Measurement of the localised plasmon penetration depth for gold nanoparticles using a non-invasive bio-stacking method.
Physical Chemistry Chemical Physics
Royal Society of Chemistry
This is a post-print of an article published Physical Chemistry Chemical Physics. Please cite the published article. Read, T., Olkhov, R. V., & Shaw, A. M. (2013). Measurement of the localised plasmon penetration depth for gold nanoparticles using a non-invasive bio-stacking method. Physical Chemistry Chemical Physics, 15(16), 6122-6127. doi: 10.1039/C3CP50758K
We have used the formation of a bio-probe stack with up to 24 steps on gold nanoparticle and continuous gold surfaces to characterize the penetration depth of the plasmon field in a non-invasive manner by only involving biomolecules from standard bio-assays. An alternating anti-goat rabbit IgG and anti-rabbit IgG bio-probe stack is polymerized on protein A/G functionalized gold surfaces. The change in plasmon excitation angle or light scattering decreases exponentially with each stacking step although the bio-integrity of the antibody epitope is maintained. The exponential decay in the derived kinetic parameters is attributed to the change in the penetration depth and the step size is calibrated using a commercial continuous gold surface plasmon resonance surface to be 17.5 ± 0.8 nm, consistent with the expected dimension of the antibody. The penetration depth of the gold spherical nanoparticles of diameter 90 ± 13 nm is determined to be 93 ± 10 nm.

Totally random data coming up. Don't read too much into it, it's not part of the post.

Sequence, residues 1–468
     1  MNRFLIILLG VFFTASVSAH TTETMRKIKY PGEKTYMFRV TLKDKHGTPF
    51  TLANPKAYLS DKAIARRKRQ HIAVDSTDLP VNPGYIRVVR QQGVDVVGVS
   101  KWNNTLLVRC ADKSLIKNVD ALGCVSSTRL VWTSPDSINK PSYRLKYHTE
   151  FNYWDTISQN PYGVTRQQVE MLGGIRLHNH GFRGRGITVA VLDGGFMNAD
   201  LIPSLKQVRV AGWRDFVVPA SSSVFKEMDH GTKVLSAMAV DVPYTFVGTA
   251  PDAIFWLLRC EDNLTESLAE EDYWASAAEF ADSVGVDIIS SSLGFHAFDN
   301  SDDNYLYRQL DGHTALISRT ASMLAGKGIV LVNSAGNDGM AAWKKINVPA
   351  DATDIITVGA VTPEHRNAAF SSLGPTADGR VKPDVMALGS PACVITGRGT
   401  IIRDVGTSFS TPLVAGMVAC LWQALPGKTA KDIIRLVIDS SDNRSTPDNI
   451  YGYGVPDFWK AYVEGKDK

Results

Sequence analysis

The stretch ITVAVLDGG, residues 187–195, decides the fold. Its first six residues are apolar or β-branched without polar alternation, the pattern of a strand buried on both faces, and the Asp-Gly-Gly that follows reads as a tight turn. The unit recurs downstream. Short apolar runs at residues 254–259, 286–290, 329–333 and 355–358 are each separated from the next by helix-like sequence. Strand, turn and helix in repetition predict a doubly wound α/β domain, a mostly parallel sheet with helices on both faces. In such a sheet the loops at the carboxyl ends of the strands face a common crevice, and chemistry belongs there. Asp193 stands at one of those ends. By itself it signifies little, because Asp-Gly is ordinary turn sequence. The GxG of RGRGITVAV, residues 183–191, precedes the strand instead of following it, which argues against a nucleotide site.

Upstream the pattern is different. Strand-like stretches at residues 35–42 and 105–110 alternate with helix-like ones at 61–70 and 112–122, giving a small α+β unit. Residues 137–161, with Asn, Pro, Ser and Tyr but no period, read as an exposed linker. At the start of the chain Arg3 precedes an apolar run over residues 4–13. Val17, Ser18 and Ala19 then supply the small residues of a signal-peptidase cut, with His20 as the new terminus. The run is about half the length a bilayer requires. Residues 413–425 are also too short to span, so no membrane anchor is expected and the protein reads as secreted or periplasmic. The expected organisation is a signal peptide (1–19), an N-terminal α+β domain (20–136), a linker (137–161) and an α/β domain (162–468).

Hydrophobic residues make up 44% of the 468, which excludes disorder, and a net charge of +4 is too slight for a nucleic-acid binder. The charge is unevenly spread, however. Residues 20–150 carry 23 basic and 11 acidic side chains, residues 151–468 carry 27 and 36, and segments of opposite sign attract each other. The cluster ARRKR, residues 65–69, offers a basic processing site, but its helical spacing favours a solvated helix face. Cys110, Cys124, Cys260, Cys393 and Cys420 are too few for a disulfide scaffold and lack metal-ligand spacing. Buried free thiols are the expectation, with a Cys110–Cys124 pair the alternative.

Copyright © 2013 Royal Society of Chemistry
Vol. 15, pp. 6122 - 6127
Place of publication